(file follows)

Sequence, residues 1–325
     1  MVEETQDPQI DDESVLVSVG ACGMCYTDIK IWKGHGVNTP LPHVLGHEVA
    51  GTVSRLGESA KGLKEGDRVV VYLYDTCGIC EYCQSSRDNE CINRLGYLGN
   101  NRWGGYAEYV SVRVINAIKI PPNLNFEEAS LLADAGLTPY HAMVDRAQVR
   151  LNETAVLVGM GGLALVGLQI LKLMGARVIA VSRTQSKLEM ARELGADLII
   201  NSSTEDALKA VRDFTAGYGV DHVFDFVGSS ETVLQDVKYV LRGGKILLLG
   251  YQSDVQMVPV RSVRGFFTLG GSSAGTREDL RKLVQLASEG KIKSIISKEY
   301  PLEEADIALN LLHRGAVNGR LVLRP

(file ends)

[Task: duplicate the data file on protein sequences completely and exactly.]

Sequence, residues 1–325
     1  MVEETQDPQI DDESVLVSVG ACGMCYTDIK IWKGHGVNTP LPHVLGHEVA
    51  GTVSRLGESA KGLKEGDRVV VYLYDTCGIC EYCQSSRDNE CINRLGYLGN
   101  NRWGGYAEYV SVRVINAIKI PPNLNFEEAS LLADAGLTPY HAMVDRAQVR
   151  LNETAVLVGM GGLALVGLQI LKLMGARVIA VSRTQSKLEM ARELGADLII
   201  NSSTEDALKA VRDFTAGYGV DHVFDFVGSS ETVLQDVKYV LRGGKILLLG
   251  YQSDVQMVPV RSVRGFFTLG GSSAGTREDL RKLVQLASEG KIKSIISKEY
   301  PLEEADIALN LLHRGAVNGR LVLRP